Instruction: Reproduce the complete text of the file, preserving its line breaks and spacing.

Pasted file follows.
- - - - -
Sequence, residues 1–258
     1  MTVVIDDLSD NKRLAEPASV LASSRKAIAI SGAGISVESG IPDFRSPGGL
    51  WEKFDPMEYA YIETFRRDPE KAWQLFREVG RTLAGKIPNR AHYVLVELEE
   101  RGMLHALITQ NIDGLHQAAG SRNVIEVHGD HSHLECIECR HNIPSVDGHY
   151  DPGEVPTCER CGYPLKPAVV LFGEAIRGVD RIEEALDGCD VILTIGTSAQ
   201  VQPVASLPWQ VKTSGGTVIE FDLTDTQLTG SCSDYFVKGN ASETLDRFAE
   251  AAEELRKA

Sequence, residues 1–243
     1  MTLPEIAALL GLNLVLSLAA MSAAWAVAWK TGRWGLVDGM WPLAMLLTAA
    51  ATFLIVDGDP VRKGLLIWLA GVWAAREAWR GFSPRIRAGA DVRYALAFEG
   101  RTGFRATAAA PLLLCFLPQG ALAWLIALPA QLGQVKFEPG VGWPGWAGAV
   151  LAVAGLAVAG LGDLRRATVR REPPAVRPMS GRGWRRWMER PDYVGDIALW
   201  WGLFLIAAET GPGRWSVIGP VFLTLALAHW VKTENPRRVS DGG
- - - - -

Sequence, residues 1–258
     1  MTVVIDDLSD NKRLAEPASV LASSRKAIAI SGAGISVESG IPDFRSPGGL
    51  WEKFDPMEYA YIETFRRDPE KAWQLFREVG RTLAGKIPNR AHYVLVELEE
   101  RGMLHALITQ NIDGLHQAAG SRNVIEVHGD HSHLECIECR HNIPSVDGHY
   151  DPGEVPTCER CGYPLKPAVV LFGEAIRGVD RIEEALDGCD VILTIGTSAQ
   201  VQPVASLPWQ VKTSGGTVIE FDLTDTQLTG SCSDYFVKGN ASETLDRFAE
   251  AAEELRKA

Sequence, residues 1–243
     1  MTLPEIAALL GLNLVLSLAA MSAAWAVAWK TGRWGLVDGM WPLAMLLTAA
    51  ATFLIVDGDP VRKGLLIWLA GVWAAREAWR GFSPRIRAGA DVRYALAFEG
   101  RTGFRATAAA PLLLCFLPQG ALAWLIALPA QLGQVKFEPG VGWPGWAGAV
   151  LAVAGLAVAG LGDLRRATVR REPPAVRPMS GRGWRRWMER PDYVGDIALW
   201  WGLFLIAAET GPGRWSVIGP VFLTLALAHW VKTENPRRVS DGG